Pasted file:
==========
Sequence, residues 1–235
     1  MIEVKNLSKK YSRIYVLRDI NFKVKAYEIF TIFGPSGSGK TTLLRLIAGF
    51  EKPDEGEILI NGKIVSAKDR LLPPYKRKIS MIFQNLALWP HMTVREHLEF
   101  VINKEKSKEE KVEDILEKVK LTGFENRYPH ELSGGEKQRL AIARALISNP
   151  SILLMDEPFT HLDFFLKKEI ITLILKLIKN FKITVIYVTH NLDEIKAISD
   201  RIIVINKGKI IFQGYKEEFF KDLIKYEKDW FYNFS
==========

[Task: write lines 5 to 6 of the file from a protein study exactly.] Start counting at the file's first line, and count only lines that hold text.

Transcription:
   151  SILLMDEPFT HLDFFLKKEI ITLILKLIKN FKITVIYVTH NLDEIKAISD
   201  RIIVINKGKI IFQGYKEEFF KDLIKYEKDW FYNFS